“When one’s expectations are reduced to zero, one really appreciates everything one does have” – Stephen Hawking
I had an incident with my eldest son on Friday. Again. The school called to ask me to pick him up as they were at the end of their tether. So in the middle of my singing practice (grrrr!) I hopped into my car and picked him up. When we got home, we had a long talk about everything that had happened. I stayed calm and said something along the lines of “You know C, bashing your head through a brick wall leads to three things: a bad headache, a concussion and if you bash it incessantly and hard enough, death. Maybe you should try going around the wall if you want to make a point”.
It’s always ups and downs with an ADHD kid. But oddly enough, this month has been the first time that things have really been looking up. I’ve had very few incidents with him and he’s been cooperating quite well with all the “tasks” that I’ve given him – violin and French practice as well as half an hour of reading every day, not to mention all the day to day stuff he has to do. No tantrums, no screaming fests, all has gone well. So this incident at school kind of shocked me. But not that much. As I said, I’ve gotten used to the fact that there are always going to be ups and downs.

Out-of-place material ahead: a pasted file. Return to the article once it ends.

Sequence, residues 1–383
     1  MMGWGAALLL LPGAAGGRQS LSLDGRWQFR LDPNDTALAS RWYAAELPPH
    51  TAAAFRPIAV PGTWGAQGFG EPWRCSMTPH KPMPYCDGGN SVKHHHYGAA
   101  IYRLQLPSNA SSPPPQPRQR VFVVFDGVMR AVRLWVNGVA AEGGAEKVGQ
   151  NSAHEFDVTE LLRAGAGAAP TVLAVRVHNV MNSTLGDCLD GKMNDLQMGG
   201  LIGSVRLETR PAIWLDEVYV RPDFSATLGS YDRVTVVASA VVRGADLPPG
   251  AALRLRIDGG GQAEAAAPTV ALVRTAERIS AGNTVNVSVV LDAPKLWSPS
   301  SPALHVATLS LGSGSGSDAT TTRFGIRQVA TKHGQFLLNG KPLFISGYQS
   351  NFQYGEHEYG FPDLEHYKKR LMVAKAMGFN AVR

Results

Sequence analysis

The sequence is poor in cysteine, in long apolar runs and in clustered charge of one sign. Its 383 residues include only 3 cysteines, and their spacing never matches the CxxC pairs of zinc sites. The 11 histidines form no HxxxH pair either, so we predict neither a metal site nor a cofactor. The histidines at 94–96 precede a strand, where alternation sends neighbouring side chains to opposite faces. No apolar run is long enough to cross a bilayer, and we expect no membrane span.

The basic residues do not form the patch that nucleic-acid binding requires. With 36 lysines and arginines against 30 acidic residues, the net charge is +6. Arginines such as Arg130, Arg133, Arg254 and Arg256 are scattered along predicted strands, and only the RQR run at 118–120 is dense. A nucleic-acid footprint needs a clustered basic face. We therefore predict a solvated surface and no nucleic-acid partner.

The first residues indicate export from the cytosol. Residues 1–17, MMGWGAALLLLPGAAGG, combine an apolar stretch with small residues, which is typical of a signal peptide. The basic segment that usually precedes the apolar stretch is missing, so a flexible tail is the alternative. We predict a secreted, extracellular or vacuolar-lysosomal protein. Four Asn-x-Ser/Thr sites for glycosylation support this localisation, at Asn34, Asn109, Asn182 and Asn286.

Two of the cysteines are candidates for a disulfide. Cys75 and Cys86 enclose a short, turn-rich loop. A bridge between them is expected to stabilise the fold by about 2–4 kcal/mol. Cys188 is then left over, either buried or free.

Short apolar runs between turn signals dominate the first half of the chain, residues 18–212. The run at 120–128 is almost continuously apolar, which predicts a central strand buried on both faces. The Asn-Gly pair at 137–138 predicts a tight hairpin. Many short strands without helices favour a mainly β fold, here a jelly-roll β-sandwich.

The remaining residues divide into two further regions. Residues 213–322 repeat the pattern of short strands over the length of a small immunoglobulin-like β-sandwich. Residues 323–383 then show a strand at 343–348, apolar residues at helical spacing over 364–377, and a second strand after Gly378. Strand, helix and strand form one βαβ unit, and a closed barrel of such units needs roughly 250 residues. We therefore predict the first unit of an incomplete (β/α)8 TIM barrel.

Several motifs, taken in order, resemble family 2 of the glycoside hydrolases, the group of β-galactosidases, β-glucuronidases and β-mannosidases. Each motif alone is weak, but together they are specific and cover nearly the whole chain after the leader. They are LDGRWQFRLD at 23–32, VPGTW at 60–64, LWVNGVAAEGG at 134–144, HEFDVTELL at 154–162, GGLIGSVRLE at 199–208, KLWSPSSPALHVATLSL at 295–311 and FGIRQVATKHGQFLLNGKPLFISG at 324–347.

However, my husband took it quite badly. He was completely and utterly disappointed. They had apparently had a long talk the day before at the psychiatrist’s office where C promised that he would surprise his teachers with his good behaviour instead of the “expected” bad behaviour.
And that made me think about expectations. I’ve had many in my time, from Druyd being bigger than Lady Gaga to being able to sing an A6 to finding Mr. Perfect with a house in Bretagne and a degree in French poetry. But I’ve slowly learnt that it is better to have no expectations than have them “shattered” as my husband had. To ride on the cosmic wave and go with the flow. It is good to have goals and strive towards them, but with the knowledge that if they are not reached it is not the end of the world, that everything is just as it should be.
It is the same with my pupils. Every single one asks me “How long will it take me to learn to sing/knit?”. I usually answer: I can say from my own personal experience that it took me 2 years of daily practice to get to a good level of singing, for knitting it took me about the same, but each person is different. However, next time I will add the following: It will also depend a lot on your motivation, how much and how long you practice each day and what your expectations are. My suggestion is to practice hard and have no expectations. Who knows what could happen then…maybe even an A6…or higher…or lower…who knows…